g part: Superman blows J'onn off! "I'm Superman, remember? So why don't you step aside and just let me handle this? Believe me, I know what I'm doing!" Great Caesar's ghost, what a jerk!
Karen: The usual super-hero fight ensues, but it's no contest - despite all his great powers, the Manhunter is no match for the Kryptonian Kreep! J'onn even resorts to using kryptonite-tipped missiles (!) but Superman uses his super-breath to deflect them before they can reach him. After pounding J'onn into the ground -literally - our Super-Egotist obtains the key and is then met by Mongul, in a gigantic spaceship. Mongul has pulled a Brainiac-like stunt, reducing Supeman's friends to bite-size and placing them into a glass cube. Superman has second thoughts about turning the key over to the hulking Mongul and just as it appears that Mongul will shrink the cube and crush those inside, his control unit suddenly shatters. The captives are freed, but Mongul blasts the supposedly invulnerable Superman and grabs the key. At this point, J'onn J'onzz reveals that it was he who smashed the controls, while invisible. He tries to stop the villain but to no avail. Superman is just about to grab Mongul when he abruptly teleports away, ship and all.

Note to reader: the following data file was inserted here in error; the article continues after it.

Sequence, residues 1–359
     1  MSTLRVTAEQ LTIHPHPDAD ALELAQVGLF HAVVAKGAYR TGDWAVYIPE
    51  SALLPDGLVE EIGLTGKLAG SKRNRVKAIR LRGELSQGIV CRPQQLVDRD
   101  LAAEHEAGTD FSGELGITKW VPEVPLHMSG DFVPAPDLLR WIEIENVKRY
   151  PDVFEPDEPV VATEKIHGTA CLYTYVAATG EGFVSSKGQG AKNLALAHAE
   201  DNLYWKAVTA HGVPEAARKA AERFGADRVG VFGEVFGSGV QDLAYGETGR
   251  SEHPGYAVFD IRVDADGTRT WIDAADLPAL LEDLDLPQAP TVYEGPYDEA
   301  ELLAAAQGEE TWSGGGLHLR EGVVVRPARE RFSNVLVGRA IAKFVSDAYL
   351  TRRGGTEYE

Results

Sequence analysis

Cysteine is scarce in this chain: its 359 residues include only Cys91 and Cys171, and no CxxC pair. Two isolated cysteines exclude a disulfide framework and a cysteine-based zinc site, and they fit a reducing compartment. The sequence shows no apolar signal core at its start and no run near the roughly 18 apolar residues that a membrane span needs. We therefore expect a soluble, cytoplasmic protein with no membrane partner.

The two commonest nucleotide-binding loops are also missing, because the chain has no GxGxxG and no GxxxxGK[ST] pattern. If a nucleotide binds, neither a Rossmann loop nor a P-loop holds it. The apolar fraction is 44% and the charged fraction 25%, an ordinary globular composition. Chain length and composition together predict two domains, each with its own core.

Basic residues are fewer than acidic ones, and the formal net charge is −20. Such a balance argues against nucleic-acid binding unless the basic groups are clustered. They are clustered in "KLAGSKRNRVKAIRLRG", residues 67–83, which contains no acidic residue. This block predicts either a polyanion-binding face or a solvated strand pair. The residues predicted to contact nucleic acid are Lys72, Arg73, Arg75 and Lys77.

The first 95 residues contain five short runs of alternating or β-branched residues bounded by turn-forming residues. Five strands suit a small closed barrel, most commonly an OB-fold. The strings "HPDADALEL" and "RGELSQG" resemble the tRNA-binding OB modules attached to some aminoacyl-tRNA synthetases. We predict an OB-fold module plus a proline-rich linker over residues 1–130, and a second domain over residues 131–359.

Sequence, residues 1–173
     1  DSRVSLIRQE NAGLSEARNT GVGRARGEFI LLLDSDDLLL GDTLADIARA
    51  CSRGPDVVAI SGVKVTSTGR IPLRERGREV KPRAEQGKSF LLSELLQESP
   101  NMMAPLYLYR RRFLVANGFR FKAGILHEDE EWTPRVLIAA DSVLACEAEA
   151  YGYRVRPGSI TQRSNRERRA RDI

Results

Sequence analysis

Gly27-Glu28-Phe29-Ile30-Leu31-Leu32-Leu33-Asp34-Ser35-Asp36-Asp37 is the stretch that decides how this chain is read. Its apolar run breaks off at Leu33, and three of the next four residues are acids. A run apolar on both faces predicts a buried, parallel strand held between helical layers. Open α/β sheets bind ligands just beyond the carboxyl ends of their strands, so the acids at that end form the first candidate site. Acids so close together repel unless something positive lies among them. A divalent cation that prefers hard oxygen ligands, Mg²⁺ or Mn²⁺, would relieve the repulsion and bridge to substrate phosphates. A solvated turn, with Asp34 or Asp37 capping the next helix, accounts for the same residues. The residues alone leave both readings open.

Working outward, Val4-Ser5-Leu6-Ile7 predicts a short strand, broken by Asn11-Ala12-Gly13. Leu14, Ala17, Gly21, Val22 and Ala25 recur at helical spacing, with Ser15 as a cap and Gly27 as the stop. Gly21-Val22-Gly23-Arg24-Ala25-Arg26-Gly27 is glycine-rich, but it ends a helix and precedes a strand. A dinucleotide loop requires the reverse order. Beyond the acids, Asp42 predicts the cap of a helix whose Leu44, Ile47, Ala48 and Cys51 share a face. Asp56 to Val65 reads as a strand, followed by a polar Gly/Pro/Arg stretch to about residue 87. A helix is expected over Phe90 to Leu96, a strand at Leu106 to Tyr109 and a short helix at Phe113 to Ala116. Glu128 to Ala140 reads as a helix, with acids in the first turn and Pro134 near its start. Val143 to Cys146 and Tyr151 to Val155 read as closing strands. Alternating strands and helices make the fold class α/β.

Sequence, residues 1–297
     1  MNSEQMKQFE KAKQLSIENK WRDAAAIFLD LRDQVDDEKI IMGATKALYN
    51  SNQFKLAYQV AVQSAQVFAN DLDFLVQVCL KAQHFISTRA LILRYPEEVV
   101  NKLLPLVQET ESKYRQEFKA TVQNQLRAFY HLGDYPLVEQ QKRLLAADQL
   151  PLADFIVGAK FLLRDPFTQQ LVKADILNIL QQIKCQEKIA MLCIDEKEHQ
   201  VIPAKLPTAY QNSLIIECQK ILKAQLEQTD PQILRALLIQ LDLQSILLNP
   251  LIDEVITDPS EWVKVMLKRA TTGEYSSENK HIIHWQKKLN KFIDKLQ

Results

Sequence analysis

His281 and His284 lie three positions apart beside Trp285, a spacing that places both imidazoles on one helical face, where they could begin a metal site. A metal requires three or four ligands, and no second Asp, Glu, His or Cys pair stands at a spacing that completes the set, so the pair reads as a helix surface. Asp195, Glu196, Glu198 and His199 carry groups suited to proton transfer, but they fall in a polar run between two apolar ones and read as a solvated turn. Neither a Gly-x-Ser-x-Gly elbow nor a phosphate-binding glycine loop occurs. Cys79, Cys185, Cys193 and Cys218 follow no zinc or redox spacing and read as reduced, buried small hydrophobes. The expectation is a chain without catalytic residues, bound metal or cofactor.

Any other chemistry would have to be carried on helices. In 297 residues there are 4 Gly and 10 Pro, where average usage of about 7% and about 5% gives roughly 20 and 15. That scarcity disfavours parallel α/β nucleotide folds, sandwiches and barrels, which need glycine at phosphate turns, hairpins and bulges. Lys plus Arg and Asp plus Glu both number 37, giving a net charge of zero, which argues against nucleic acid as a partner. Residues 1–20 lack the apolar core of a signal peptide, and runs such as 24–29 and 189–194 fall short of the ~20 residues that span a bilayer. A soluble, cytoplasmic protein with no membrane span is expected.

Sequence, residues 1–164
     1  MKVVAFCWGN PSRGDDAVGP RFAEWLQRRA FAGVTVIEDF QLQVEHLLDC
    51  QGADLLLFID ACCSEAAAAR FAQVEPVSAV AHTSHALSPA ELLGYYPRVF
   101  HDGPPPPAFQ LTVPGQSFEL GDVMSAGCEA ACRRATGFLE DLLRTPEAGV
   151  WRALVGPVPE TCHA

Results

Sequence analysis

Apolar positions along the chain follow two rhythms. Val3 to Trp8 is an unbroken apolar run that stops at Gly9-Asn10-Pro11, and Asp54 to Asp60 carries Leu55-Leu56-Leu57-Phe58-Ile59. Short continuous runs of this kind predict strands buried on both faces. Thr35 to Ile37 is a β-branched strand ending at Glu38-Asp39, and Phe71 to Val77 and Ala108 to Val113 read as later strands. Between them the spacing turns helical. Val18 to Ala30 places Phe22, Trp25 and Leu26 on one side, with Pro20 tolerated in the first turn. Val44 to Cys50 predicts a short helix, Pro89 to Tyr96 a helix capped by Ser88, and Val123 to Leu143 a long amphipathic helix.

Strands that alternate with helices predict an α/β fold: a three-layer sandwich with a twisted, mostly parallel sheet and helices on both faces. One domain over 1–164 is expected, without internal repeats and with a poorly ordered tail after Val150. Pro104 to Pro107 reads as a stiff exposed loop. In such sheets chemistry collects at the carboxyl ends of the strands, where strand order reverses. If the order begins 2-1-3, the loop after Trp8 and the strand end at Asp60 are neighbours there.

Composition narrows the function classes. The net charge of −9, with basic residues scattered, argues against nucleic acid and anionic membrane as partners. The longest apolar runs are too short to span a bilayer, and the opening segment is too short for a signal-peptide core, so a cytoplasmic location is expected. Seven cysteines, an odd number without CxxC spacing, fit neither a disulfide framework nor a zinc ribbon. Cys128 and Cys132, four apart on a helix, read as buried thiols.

Karen: J'onn gives Superman a well-deserved tongue lashing. "I warned you that you were dealing with forces beyond your comprehension -but you were just too overconfident -too
egotistical -to listen!" A stunned Superman mutters, "I -I thought I could deal with it! After all, I'm Superman...aren't I?"


Karen: I'd never seen Super
man presented in such a manner before. I wish I had some idea of how the character was handled in the 70s and 80s -was he always shown as so supremely (over)confident? It seemed to me like whenever I read him -this would be mostly in Justice League, as I didn't read his main title - he did seem quite assured, but then usually, he was always in the right when he made a decision. This more flawed portrayal was just the sort of thing an old Marvel fan like myself could get into. Sadly, I never got the next issue to see how Supes would make up for his arrogance. Might have to pick that up one of these days.

Wednesday, May 26, 2010

Tomorrow is Yesterday: The Guardians of the Galaxy!



Defenders #26 (Aug. 1975)
"Savage Time!"
Writer: Steve Gerber
Artists: Sal Buscema, Vince Colletta